On the way back to the port last night, a taxi driver got us to agree to let him drive us around for the day – he said his name was John, and he guaranteed his honesty. His car was just about held together by gaffer tape, you could see the road through the floor, the engine had all the power and the roar of a lawn mower, and it was very cramped in the back – but we entrusted our lives to him. He somehow managed to be totally laid back, whilst driving in the most incredibly aggressive manner. He cut people up with abandon, routinely ignored red lights, drove on the rong side of the road whenever he fancied it, and left a trail of disgruntled drivers hooting uriously in his wake. At first the constant feeling of being near death was alarming, but after a while it just felt normal, and we enjoyed the constant theatre going on outside, along Mumbai's incredibly busy streets.
We were heading for the Haji Ali Mosque, but on our way we stopped for a brief photo stop at the frenzied cleaning activity going on at the Dhobi Ghats, Mumbai's largest public laundry. In a city of 20 million people, then the laundry system is going to be on a large scale, but this is still a spectacular sight, as the Dhobi Wallahs thrash the clothes and hang them in colour coded groups on huge washing lines.
We then made it to the Haji Ali Mosque, Mumbai's most holy Muslim shrine. It sits out in the sea on the end of a causeway, which floods when the tide is in, and which makes its way over the mud flats when the tide is out. The tide was well and truly out today, which meant a pungent sulphurous stench was emanating from the mud, as a few people waded around knee deep in the stinky flats, looking for anything of any value. The peeling white domed mosque looked like it had seen better days, but it was still fascinating to see the religious devotion of the worshippers.
Next we headed to the colourful Mahalaxmi Temple to see how Mumbai's Hindu majority worship. There seemed a more relaxed atmosphere here than at the mosque, although you had to pass through fairly heavy security to get in, and it was great to watch the ceremonies and devout prayer rituals.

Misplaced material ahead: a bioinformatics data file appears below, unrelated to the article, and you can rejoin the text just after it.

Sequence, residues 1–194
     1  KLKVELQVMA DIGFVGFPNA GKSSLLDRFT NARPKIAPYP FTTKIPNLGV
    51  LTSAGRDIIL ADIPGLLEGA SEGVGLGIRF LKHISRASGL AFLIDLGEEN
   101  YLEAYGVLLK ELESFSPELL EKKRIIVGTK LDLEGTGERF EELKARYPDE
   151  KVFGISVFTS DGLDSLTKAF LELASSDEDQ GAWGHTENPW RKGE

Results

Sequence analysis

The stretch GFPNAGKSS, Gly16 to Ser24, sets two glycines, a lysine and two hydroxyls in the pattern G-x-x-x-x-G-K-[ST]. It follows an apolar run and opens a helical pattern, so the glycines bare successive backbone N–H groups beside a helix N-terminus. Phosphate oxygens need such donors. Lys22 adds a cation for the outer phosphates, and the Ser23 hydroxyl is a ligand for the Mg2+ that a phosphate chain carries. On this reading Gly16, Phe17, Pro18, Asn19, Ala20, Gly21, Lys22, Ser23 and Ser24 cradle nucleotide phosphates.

By the time we finished, Honest John's car was beginning to give up the ghost and refused to start, so he press-ganged a couple of passers by to give him a push start. He wouldn't let us help, or even get out of the car, so we had the embarrassing scenario of us weighing down the car that these poor people were trying to push start. Anyway, we got going and made our way to the Chor Bazaar, Mumbai's so-called "Thieves Market", a place where supposedly, if you buy anything there, it was probably stolen from you in the first place. Here, in this busy market, you could pretty much buy anything – bric-a-brac, antiques, souvenirs, car parts, machinery, anything you wanted (or mostly didn't want).
By now, the heat, dust and crowds had finally worn us down, so we told Honest John it was time to take us back to the ship; so more people were forced to give us our push start and off we weaved through the traffic again. Honest John sensed that it was time to start the campaign for weadling more money out of us, although he ignored the usual sob story of describing his poverty stricken enormous family, and instead went for the "I've just got a big parking fine while I was waiting for you while you took some pictures". This was done with such an apologetic look on his face that he didn't even argue when we told him that we knew it wasn't true, so we settled on a price of £10 for 6 hours of driving – everyone was happy.
As ever, we had a great time in Mumbai, it's a place which has so much energy that it drains your energy reserves, but it always leaves us wanting more.